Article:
Despite Tough Path, Mother-Daughter Duo Looking to Future
Listen carefully to Jael Arroyo’s story about what the Atlanta Ronald McDonald House has offered through the years, and you’ll hear something exceptional.
Tucked between the usual praise for the comfortable rooms and delicious meals is Jael’s gratitude for how the House has helped her and her daughter, Jaelynn, grow as people and deepened their appreciation for the things they have.
“The love of the community is so special there,” Jael says about the Gatewood House. “Jaelynn learns compassion and it’s opened my eyes to things. In sharing with other people, you find you are not alone, and many are dealing with things that are much harder than your own issues.”
To be clear, their path is not an easy one. Now 9 years old, Jaelynn, who is autistic and deals with eating disorders and related growth issues, has been coming to Atlanta’s Marcus Autism Center from her home in Ocala, Florida, since she was 2. The treatments often require lengthy visits, making it necessary for the Arroyos to stay in town for days and even weeks at a time. Time away from work is challenging for single mom Jael, who has stared down more insurance and financial hurdles than she can count.
After a long day of uncomfortable and anxiety-inducing therapies, Jael says the House’s respite is something she and Jaelynn look forward to. And beyond the relief from having to find money for hotels and food, it’s little things that mean the most.
“As a single mom, it’s just so nice to always have someone to talk to. There are always other people who are going through what I’m going through,” she says.
As a result, the two actively look for ways to contribute to the House’s needs these days. When planning for a trip to Atlanta, Jael says that includes thinking about items they can bring to donate.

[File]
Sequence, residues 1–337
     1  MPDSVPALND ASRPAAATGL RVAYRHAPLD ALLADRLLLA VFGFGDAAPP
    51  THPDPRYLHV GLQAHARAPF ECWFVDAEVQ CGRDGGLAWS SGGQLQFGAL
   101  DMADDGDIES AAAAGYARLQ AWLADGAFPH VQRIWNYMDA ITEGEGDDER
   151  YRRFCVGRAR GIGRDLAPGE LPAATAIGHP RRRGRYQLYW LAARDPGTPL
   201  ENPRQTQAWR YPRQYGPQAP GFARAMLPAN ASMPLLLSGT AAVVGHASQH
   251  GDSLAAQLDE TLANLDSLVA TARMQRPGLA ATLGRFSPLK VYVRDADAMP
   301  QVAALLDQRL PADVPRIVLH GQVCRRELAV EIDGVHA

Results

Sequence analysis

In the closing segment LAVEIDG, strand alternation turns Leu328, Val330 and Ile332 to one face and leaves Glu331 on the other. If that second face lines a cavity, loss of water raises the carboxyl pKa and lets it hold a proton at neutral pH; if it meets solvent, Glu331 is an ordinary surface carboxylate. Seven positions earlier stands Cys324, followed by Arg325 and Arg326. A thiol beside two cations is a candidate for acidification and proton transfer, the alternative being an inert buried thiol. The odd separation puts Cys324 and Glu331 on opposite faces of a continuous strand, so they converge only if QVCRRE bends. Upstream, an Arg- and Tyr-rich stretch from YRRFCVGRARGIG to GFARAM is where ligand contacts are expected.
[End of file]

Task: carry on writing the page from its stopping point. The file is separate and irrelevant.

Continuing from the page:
Jaelynn has also embraced the philanthropic spirit. In addition to helping people through her local Kids Helping Kids chapter, she’s become a champion for Atlanta Ronald McDonald House’s Pop Tabs Program. The program, which has collected more than $151,000 since its 1998 launch, caught Jaelynn’s attention during one of her visits when she saw the pop tab pile.
In her mission to collect the tabs for the House, the otherwise reserved girl has appealed to Ocala radio listeners, walked up to strangers and even commandeered a microphone at a conference she’d accompanied her mother to.
While her appreciation for the House’s creature comforts is evident, Jael continues to circle back on something more subtle but also ultimately more important to her: Her child who has enormous challenges of her own, is learning that she is not alone in those struggles and that she also has the ability to help others in meaningful ways.
As she looks down the road at the journey ahead, Jael says she’s comforted knowing that she and Jaelynn can lean on their home-away-from-home for all their needs — the cozy rooms, the hot meals, the books to read, and the inspiration yet to be found in the House’s standout treasure, its people.